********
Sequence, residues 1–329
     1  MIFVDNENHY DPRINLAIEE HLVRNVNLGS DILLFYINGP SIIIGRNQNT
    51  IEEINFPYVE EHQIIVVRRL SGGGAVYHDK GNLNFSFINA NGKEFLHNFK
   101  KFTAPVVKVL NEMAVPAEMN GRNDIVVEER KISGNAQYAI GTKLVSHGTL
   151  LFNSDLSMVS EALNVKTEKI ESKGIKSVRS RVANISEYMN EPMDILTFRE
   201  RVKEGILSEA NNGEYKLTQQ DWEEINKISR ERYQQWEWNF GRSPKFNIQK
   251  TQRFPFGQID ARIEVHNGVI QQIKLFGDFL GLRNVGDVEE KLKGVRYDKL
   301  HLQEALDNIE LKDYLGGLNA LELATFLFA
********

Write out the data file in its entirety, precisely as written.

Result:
Sequence, residues 1–329
     1  MIFVDNENHY DPRINLAIEE HLVRNVNLGS DILLFYINGP SIIIGRNQNT
    51  IEEINFPYVE EHQIIVVRRL SGGGAVYHDK GNLNFSFINA NGKEFLHNFK
   101  KFTAPVVKVL NEMAVPAEMN GRNDIVVEER KISGNAQYAI GTKLVSHGTL
   151  LFNSDLSMVS EALNVKTEKI ESKGIKSVRS RVANISEYMN EPMDILTFRE
   201  RVKEGILSEA NNGEYKLTQQ DWEEINKISR ERYQQWEWNF GRSPKFNIQK
   251  TQRFPFGQID ARIEVHNGVI QQIKLFGDFL GLRNVGDVEE KLKGVRYDKL
   301  HLQEALDNIE LKDYLGGLNA LELATFLFA